Strolling the Promenade
November 7, 2008 9:05 PM
First some old business: There will, in fact, be two entrances to the Pro Shop. One entrance will be from the main concourse, just inside the turnstiles. The second entrance is just outside the turnstiles, accessible directly from the plaza.
It's tough to see from a distance, but Dan Kenney provided me with this fantastic close-up photo:
I think it's still fair to wonder if this design is the best possible for this highly-distinctive and highly-visible ballpark amenity. As I found out on my tour, the reasoning behind the decision is that the expanded plaza and Killebrew gate have been designed to be highly welcoming and to be the focus for people approaching the ballpark.
That seems reasonable. But I'm having trouble shaking the impression given by the actual design of the Pro Shop, which juts out into the plaza -- and almost into the street -- screaming, "Look at me!" It's easily the first thing the eye settles on as one approaches on foot.
The entrances are all the way around on the other side.
More than that, it has the look of an area you can walk right into from the street. The angular walls, glass, and very orientation (it points directly toward the Seventh Street/Second Avenue corner) seems to cry out, "Get in here now and try on a jersey!"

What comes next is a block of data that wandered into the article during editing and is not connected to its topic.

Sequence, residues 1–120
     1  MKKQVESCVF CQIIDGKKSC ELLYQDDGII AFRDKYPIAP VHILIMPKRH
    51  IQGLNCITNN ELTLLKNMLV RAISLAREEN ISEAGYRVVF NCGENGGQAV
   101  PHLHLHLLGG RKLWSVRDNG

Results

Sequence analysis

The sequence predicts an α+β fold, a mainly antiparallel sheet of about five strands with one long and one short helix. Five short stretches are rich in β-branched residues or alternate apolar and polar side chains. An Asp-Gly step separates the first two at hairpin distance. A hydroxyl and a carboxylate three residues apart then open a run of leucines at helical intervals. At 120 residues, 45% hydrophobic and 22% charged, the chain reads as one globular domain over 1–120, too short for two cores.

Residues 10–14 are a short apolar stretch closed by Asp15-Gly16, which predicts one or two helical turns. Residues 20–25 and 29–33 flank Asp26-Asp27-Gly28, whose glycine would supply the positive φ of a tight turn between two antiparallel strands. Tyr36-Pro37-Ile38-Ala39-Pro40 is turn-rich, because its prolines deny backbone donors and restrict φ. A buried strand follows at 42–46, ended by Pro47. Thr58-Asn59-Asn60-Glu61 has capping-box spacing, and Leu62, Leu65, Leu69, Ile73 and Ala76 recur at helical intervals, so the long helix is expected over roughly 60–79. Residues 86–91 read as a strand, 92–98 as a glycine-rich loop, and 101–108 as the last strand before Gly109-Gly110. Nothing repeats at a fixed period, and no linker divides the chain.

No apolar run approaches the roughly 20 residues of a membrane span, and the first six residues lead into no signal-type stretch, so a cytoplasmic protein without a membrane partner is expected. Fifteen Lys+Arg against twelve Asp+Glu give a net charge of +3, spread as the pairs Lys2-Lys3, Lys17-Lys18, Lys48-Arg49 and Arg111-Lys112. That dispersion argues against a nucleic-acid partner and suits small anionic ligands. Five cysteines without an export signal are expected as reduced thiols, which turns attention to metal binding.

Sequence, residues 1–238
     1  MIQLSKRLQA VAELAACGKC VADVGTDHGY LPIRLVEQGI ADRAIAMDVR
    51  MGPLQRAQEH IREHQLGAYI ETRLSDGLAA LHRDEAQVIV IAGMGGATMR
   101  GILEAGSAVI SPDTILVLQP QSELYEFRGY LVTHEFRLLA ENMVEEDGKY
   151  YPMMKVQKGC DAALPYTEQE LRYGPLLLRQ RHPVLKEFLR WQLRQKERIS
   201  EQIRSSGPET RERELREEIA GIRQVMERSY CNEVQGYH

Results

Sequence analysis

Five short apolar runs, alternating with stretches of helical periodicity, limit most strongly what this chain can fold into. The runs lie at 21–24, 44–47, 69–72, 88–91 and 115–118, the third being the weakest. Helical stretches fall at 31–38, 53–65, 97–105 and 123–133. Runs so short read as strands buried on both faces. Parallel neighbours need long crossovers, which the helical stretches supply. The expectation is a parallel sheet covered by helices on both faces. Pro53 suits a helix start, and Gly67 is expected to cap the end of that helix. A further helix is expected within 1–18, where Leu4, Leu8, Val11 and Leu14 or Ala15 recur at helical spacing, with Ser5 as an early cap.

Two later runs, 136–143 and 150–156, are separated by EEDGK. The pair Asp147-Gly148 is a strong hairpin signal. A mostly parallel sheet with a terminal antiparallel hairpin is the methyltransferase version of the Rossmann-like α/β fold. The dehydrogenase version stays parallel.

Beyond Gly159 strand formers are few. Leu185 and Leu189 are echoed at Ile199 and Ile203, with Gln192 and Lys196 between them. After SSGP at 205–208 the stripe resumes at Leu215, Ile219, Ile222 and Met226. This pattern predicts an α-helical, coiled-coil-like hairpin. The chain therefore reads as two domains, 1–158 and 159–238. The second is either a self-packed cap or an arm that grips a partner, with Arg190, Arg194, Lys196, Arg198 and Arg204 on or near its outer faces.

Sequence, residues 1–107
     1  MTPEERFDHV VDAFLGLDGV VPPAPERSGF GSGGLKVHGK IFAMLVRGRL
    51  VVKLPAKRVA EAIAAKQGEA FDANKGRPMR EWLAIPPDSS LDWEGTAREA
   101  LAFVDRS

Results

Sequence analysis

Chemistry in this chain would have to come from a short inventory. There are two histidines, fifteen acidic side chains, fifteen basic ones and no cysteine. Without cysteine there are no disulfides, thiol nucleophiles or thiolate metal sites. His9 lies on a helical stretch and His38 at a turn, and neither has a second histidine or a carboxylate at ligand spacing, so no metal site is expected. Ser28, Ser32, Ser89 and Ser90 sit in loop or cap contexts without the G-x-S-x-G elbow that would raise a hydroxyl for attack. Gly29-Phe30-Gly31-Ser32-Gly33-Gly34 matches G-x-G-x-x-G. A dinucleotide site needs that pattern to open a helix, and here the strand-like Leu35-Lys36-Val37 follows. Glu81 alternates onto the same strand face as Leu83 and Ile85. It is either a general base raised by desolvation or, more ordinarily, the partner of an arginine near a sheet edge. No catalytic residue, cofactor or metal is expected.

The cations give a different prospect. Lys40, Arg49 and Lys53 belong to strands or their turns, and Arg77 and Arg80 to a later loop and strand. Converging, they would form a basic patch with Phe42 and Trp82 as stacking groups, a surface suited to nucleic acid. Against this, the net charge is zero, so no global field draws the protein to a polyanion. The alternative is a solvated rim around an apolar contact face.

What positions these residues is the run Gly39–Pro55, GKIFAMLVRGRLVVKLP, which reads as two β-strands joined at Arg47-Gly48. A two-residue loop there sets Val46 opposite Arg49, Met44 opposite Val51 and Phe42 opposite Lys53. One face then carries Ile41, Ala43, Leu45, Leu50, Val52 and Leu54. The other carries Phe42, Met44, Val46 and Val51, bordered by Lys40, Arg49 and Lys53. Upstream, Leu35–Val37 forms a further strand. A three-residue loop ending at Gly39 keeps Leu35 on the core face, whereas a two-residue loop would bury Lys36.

The Killebrew gate, though wide and welcoming in its own way, lays back and is essentially a negative space: the absence of a wall is the essence of the entrance.
This is certainly a minor issue, but I think there's money left on the table if people can't pull up on Seventh Street, park in one of the to-be-installed parking bays, and saunter in to the Pro Shop without traipsing all the way around to the other side. There will no doubt be some folks who come to assume -- erroneously, but just as I did -- that you have to have a ticket to a game before you can shop. If they saw a door from the street, it would be completely different.
As it is, they will need some sort of sign in the window directing people around to the other side. This little design misstep could be easily rectified. Perhaps one day it will be.
Back to Our Tour
Today it's the promenade. Call it the HERC Promenade if you wish, but I prefer to think of it as the Halsey Hall Memorial Promenade. That's the perfect name because it just feels like the right place to step out, light up a cigar and talk about pitching. (Don't know who Halsey Hall was? Shame on you.)
Right now there's a large opening in the main grandstand which allows equipment and supplies to come and go. That won't be there when the building is finished, but stroll from the main concourse through that opening now and you'll suddenly find yourself on a very wide and surprisingly pleasant walkway.
Looking north (toward Fifth Street and the LRT station).
Looking south (toward Seventh Street).
This will be just beautiful in the late afternoon sun before a night game.
As you can see, a fence is going up which will provide some separation from the HERC plant. It's being installed so early on the construction calendar because it also allows an easing of the controls which are in place to handle construction over an active railroad track. With a fence in place, less can go wrong.